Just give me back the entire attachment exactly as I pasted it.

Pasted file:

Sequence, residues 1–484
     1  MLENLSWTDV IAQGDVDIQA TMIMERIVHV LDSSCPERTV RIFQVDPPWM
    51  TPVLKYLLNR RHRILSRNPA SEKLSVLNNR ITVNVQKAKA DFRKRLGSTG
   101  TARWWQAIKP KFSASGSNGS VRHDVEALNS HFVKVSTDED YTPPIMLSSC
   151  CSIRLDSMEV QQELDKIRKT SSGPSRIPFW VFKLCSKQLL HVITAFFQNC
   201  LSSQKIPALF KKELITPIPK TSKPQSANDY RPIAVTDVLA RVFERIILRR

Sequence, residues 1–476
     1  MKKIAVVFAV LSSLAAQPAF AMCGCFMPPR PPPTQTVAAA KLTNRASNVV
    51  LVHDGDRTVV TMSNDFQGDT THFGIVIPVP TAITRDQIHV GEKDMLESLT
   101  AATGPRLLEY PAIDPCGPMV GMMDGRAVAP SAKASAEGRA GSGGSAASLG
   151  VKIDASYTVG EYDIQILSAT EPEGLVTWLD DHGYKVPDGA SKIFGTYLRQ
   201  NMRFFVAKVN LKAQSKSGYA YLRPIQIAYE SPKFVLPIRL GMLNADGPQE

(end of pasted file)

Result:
Sequence, residues 1–484
     1  MLENLSWTDV IAQGDVDIQA TMIMERIVHV LDSSCPERTV RIFQVDPPWM
    51  TPVLKYLLNR RHRILSRNPA SEKLSVLNNR ITVNVQKAKA DFRKRLGSTG
   101  TARWWQAIKP KFSASGSNGS VRHDVEALNS HFVKVSTDED YTPPIMLSSC
   151  CSIRLDSMEV QQELDKIRKT SSGPSRIPFW VFKLCSKQLL HVITAFFQNC
   201  LSSQKIPALF KKELITPIPK TSKPQSANDY RPIAVTDVLA RVFERIILRR

Sequence, residues 1–476
     1  MKKIAVVFAV LSSLAAQPAF AMCGCFMPPR PPPTQTVAAA KLTNRASNVV
    51  LVHDGDRTVV TMSNDFQGDT THFGIVIPVP TAITRDQIHV GEKDMLESLT
   101  AATGPRLLEY PAIDPCGPMV GMMDGRAVAP SAKASAEGRA GSGGSAASLG
   151  VKIDASYTVG EYDIQILSAT EPEGLVTWLD DHGYKVPDGA SKIFGTYLRQ
   201  NMRFFVAKVN LKAQSKSGYA YLRPIQIAYE SPKFVLPIRL GMLNADGPQE